DO GO HEALTHY INTO THAT GOOD NIGHT

Dis­quiet over the ethics of age­ing re­search is mis­placed. There are some ethi­cists who ob­ject to such re­search be­cause chang­ing age­ing would be a de­nial of the es­sen­tial, nat­u­ral lim­its of hu­man ex­is­tence.

Cosmos - - View Point -

MY FA­THER, AT 96, liked to dress him­self for the day but he was very slow. “The body be­trays, Lau­rie,” he said to me.

I re­sponded by read­ing to my fa­ther a pas­sage from Thomas More’s Utopia, which I had been study­ing as part of pre­par­ing a pre­vi­ous col­umn for Cos­mos.

“Thus old men are honoured with a par­tic­u­lar re­spect, yet all the rest fare as well as they. Both din­ner and sup­per are be­gun with some lec­ture of moral­ity that is read to them,” More writes. “From hence the old men take oc­ca­sion to en­ter­tain those about them with some use­ful and pleas­ant en­large­ments; but they do not en­gross the whole dis­course so to them­selves dur­ing their meals that the younger may not put in for a share; on the con­trary, they en­gage them to talk, that so they may, in that free way of con­ver­sa­tion, find out the force of ev­ery one’s spirit and ob­serve his tem­per.”

The force of ev­ery­one’s spirit: my fa­ther re­peated the words and smiled.

The process of age­ing – in which “the body be­trays” – seems to de­fine not only one’s health but one’s so­cial sta­tus, and it is not fair. But what if the phys­i­cal process of age­ing could be ad­dressed, like med­i­cal sci­ence has ad­dressed other phys­i­cal ill­ness? That is the ques­tion Dr Nir Barzi­lai wants to an­swer.

Among other po­si­tions, Barzi­lai is di­rec­tor of the In­sti­tute for Age­ing Re­search at the Al­bert Ein­stein Col­lege of Medicine in New York. He is fas­ci­nated by the same ques­tion as my fa­ther: how is it that the self is some­how car­ried by a body that of­ten fails long be­fore the mind?

His work was fea­tured in the last is­sue of this magazine ( Cos­mos 75, p42). As writer El­iz­a­beth Finkel noted, this in­cludes col­lab­o­rat­ing with the Amer­i­can Fed­er­a­tion of Anti-age­ing Re­search to de­sign a trial to test the drug Met­formin for its anti-age­ing ef­fects. Met­formin, which has been given to peo­ple with Type 2 di­a­betes for two decades, seems to have other ef­fects. Stud­ies in­di­cate that, in ad­di­tion to con­trolled di­a­betes, pa­tients us­ing it also have bet­ter car­dio­vas­cu­lar health, less ev­i­dence of cancer, and seem to be, in gen­eral, phys­i­cally stronger and more cog­ni­tively alert.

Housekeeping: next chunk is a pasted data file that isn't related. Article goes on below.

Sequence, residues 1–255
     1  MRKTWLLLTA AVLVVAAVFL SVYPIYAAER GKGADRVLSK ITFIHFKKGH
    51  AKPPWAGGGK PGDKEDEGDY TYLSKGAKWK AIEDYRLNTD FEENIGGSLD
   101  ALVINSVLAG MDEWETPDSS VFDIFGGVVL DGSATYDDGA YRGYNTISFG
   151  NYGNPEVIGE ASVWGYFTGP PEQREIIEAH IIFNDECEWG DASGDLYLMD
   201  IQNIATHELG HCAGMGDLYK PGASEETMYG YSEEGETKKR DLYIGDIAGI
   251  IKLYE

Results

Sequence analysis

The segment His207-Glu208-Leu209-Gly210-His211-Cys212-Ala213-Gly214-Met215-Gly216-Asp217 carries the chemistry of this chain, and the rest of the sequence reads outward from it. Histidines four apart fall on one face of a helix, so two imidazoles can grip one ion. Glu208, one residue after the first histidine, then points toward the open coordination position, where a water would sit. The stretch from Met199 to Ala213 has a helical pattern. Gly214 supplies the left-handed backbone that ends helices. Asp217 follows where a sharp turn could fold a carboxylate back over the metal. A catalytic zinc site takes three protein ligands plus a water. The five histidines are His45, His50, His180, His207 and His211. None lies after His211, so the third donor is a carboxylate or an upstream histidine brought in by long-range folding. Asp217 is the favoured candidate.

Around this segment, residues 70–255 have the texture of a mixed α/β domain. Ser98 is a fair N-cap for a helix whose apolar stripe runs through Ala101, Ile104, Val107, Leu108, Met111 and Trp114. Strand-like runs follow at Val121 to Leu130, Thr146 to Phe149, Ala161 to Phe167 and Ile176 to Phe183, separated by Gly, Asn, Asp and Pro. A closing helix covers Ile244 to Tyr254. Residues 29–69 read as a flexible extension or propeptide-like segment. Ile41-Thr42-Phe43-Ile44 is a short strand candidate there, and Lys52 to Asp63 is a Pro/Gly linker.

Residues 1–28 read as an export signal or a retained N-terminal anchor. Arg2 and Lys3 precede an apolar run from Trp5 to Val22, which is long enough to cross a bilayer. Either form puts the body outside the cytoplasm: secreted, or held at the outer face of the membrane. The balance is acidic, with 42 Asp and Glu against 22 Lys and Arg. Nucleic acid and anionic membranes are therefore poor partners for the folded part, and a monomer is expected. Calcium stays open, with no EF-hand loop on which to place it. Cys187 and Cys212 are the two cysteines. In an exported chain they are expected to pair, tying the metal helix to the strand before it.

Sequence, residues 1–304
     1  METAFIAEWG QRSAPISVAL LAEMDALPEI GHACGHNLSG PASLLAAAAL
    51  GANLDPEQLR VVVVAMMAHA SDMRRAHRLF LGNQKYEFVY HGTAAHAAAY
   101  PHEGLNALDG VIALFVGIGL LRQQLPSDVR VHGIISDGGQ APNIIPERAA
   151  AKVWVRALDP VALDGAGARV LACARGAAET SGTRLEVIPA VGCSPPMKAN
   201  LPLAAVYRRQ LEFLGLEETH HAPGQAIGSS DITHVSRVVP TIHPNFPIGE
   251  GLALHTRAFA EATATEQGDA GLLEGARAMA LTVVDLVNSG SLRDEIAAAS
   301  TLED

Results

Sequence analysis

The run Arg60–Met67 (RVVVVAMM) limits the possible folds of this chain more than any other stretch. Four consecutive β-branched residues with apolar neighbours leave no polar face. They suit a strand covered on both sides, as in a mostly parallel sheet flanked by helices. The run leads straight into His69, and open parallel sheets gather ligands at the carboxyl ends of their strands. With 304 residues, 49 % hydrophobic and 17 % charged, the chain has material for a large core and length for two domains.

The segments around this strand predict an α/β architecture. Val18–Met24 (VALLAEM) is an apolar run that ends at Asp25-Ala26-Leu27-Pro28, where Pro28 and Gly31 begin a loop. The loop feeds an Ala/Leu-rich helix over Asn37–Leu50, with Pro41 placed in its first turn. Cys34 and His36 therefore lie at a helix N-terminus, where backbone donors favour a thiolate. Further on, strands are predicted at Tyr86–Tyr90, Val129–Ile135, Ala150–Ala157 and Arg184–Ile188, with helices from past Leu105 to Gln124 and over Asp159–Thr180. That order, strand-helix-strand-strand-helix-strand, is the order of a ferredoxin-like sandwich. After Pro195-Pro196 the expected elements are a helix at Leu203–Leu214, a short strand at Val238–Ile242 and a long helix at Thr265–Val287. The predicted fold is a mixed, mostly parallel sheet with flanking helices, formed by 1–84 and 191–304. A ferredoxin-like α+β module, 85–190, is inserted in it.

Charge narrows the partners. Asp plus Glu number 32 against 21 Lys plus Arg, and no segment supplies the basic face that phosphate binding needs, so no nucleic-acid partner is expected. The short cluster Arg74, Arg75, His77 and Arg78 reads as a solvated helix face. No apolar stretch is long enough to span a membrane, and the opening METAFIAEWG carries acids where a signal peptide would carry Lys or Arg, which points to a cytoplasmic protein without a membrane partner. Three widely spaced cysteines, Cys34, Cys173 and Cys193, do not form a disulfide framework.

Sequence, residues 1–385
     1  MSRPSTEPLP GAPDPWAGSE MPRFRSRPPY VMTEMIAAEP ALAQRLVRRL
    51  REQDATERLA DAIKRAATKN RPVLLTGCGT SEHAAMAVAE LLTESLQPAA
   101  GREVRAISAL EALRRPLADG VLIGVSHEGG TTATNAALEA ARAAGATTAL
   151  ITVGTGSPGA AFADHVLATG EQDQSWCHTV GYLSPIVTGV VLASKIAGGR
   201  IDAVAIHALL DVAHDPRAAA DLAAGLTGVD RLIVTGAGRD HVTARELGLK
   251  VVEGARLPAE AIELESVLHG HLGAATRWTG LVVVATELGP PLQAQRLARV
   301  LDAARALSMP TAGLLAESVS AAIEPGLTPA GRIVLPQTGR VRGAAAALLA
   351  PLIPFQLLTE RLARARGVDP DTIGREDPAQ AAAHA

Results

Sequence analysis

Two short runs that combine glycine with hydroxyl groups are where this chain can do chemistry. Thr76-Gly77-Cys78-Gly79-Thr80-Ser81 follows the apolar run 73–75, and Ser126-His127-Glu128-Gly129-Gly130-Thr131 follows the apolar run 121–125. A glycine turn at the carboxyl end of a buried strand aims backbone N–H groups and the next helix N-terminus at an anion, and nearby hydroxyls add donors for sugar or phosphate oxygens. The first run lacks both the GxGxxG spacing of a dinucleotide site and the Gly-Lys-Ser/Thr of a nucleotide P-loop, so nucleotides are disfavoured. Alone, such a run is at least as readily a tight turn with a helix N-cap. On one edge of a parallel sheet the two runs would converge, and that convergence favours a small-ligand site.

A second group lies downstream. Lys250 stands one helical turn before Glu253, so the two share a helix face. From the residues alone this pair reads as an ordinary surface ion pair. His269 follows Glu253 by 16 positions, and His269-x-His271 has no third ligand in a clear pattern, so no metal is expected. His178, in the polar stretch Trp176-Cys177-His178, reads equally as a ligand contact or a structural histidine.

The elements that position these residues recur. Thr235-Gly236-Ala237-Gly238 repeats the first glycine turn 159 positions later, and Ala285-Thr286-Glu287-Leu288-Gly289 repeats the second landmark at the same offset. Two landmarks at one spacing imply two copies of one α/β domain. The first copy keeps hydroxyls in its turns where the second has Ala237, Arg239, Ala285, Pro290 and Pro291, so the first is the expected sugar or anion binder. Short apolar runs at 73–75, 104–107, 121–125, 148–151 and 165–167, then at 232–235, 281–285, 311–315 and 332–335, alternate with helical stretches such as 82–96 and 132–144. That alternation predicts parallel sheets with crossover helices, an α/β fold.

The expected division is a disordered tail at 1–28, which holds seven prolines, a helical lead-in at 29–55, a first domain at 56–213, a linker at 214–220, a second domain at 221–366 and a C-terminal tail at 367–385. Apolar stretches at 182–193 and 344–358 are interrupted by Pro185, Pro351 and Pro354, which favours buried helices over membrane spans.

Though Met­formin did not seem to lengthen life, it did seem to give peo­ple health­ier years be­fore they died. Is this drug some­how able to tar­get an un­der­ly­ing molec­u­lar process that causes phys­i­cal de­cline as­so­ciated with age­ing?

Barzi­lai and his col­leagues have pro­posed a dou­ble-blind clin­i­cal trial with two arms, one where healthy older adults take met­formin, and one where they don’t. Af­ter five years, re­searchers should have enough data to know if the drug causes a sta­tis­ti­cally sig­nif­i­cant im­prove­ment in what is called “healthspan”.

“Here is a clin­i­cal trial with a drug that is cheap, read­ily avail­able, and well char­ac­terised,” Barzi­lai told me re­cently. “The side-ef­fect? You might live longer, and cer­tainly more healthily.” The US Na­tional In­sti­tutes of Health (NIH) has re­fused to fund the project, how­ever, on the ba­sis that “age­ing is not a dis­ease”.

Here is where eth­i­cal is­sues arise. There are some ethi­cists who ob­ject to such re­search be­cause chang­ing age­ing would be a de­nial of the es­sen­tial, nat­u­ral lim­its of hu­man ex­is­tence.

The trou­ble with that ar­gu­ment is it has been em­pir­i­cally dis­proven. For most of his­tory only the wealthy lived into old age. The life­span for the poor was (and still is) about 35. An­tibi­otics, statins and vac­ci­na­tions have meant the rad­i­cal ex­ten­sion of life­span; and the world, one can justly ar­gue, is richer for it.

It is not only an eth­i­cal ques­tion. Dis­eases and re­ha­bil­i­ta­tion from age­ing cost so­ci­ety a great deal, Barzi­lai points out. These eco­nomic is­sues are se­ri­ous, as any­one who cares for an age­ing rel­a­tive knows first-hand. Old and sick peo­ple need con­stant, ex­tremely costly care. Barzi­lai points out that even if his re­search could of­fer the el­derly two more years of health and in­de­pen­dence, it would save huge amounts of money as­so­ciated with end-oflife health care.

There is an­other im­per­a­tive. Baby Boomers, those born be­tween 1940 and 1960, are now ap­proach­ing old age, cre­at­ing an unprecedented bur­den.

Met­formin, should it de­lay dis­ease on­set, might for few cents a day shift the bur­den of dis­ease rad­i­cally, and give years of bet­ter health to mil­lions. It would be a step to­wards the utopia en­vi­sioned by More, mak­ing old age a place for wis­dom, gen­eros­ity and grace, not a time of loss. It is the right thing to do.

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